By Brett Fox
“Common sense is not very common,” said the Michelin Man.
You’d ask the Michelin Man a question and he would just sit there for minutes with a blank stare on his face. His arms were folded about two feet away from his body. It made him look like the Michelin Man.
The problem was the Michelin Man had ZERO common sense.
I’ll give you a quick example. The Michelin Man believed in the old, “build it and they will come” school of business. No marketing, product collateral or sales necessary: somehow customers would find the product and just buy it.
The problem was the customers didn’t seem to believe the Michelin Man’s business philosophy: Sales suffered big time.
How the Michelin Man was elevated into his position to this day is still somewhat of a head scratcher.
We’ve all worked with our version of the Michelin Man haven’t we?
I wrote previously about the difficulty finding good mentors. I received a number of emails confirming that most of the bosses people have had were mediocre or poor.
The questions were around, “What do I do if I have a bad boss?”
So what is an employee to do?
Step 1. Determine is really the boss or is it me? I read a book years ago called Crucial Conversations. That book changed my life because I realized that I was not the great communicator I thought I was.
And, like most of us, I blamed others for my problems. The authors posed a challenge for readers right at the beginning of the book: “Work on yourself first, then work on others second.” That one statement changed my life forever. I said to myself, “I know I can improve, so I will work on myself first.”
It was so freeing not to have to worry about the other person anymore. I could just concentrate on myself and how I can improve.
Start there. Think about how you can do a better job. How can you do more things to help the company succeed?
Challenge yourself to come up with at least 10 ideas of how you can help.
Be proactive. Then go to your boss with your ideas. You will stand out by being proactive because most people just wait for opportunities. Ask your boss what you can do to help. Ask your boss if you can work on specific projects to relieve her burden. I love it when employees offer to help.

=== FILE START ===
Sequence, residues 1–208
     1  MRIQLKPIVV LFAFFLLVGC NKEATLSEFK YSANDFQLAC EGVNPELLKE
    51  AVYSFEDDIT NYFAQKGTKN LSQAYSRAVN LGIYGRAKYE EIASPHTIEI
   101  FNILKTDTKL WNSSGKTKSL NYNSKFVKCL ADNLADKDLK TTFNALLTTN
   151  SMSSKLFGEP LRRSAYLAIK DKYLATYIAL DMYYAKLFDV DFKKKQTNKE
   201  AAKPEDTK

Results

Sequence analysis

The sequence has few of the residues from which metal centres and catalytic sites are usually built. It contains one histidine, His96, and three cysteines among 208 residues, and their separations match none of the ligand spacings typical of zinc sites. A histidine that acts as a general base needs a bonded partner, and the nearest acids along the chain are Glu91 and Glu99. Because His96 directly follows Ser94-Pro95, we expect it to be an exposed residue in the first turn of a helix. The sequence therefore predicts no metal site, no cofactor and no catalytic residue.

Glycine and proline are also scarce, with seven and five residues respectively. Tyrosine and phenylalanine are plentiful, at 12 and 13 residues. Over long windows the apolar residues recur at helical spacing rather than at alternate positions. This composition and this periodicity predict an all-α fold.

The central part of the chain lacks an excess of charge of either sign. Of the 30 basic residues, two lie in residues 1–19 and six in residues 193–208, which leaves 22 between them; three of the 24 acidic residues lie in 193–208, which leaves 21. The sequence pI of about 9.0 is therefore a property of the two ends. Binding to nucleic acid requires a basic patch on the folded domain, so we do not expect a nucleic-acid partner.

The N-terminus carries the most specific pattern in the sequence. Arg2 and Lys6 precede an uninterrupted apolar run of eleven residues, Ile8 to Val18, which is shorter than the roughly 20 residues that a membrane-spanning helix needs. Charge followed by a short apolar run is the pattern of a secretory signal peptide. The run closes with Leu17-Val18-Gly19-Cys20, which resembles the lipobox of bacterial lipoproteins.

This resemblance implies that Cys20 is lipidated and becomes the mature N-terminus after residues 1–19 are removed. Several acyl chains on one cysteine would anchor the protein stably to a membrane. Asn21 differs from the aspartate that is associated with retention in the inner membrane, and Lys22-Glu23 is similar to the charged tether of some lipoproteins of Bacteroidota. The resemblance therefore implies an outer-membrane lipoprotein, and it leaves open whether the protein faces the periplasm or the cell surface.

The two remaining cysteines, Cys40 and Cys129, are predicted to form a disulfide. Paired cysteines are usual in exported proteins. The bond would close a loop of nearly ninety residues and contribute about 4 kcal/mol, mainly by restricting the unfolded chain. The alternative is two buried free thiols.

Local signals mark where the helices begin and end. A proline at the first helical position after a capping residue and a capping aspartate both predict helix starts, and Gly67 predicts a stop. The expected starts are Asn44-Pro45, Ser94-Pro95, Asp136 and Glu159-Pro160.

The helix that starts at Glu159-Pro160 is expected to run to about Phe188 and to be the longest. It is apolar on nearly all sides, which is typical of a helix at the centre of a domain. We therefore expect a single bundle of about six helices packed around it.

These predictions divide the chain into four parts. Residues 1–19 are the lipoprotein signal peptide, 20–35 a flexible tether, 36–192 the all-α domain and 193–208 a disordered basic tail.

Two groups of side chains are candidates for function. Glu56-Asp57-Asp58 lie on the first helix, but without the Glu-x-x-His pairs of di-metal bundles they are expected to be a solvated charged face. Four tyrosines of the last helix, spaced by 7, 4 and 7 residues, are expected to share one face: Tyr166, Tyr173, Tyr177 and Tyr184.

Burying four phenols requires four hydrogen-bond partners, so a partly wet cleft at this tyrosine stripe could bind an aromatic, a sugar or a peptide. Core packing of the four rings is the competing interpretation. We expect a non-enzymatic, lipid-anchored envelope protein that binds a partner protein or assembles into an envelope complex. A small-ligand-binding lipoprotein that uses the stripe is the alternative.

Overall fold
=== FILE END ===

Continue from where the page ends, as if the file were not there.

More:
Then just keep doing more and more. You have the chance to make yourself indispensable. There is no downside to working this way:
- Best case is your boss realizes you are crucial to the company’s success and you get increased responsibility, a promotion, and a raise.
- Medium case is your boss changes a little bit and you pick up some new skills that will help you at your next position.
- Worst case is your boss stops you in your tracks and you are back where you started. Don’t get lazy: recognize that it is time to move on!
Here are 10 things we tell ourselves when we are in a bad position:
- It will get better. It’s not likely.
- The CEO likes me, so I am safe. Don’t bet on it. The CEO’s loyalty is usually to his direct report, not you.
- It is getting better. Is it really, or are you just kidding yourself?
- Be patient and wait for the bad boss to leave. You may have to wait a long, long time.
- I’m going to do an end run around my boss to her boss or to the CEO. You can do this, but be prepared for the consequences. No boss likes this and most CEOs don’t like this either.
- I’ll discredit my boss. Oh really? See #5.
- I won’t talk to my boss – stay far away. Ah, the absence makes the heart grow fonder strategy. This never works.
- I will get real close to my boss – the Godfather School of Business strategy. Good. Now you’re thinking. The Michael Corleone strategy of keep your friends close and your enemies closer can work.
- I will make my boss look good. Another good idea. Everyone likes looking good, even bad bosses.
- I will do everything my boss wants. This is another good survival tactic, and by the way its what you’re supposed to do!
Step 2. I have to leave. Now what? You need to determine should you quit or look for a job while you are still employed?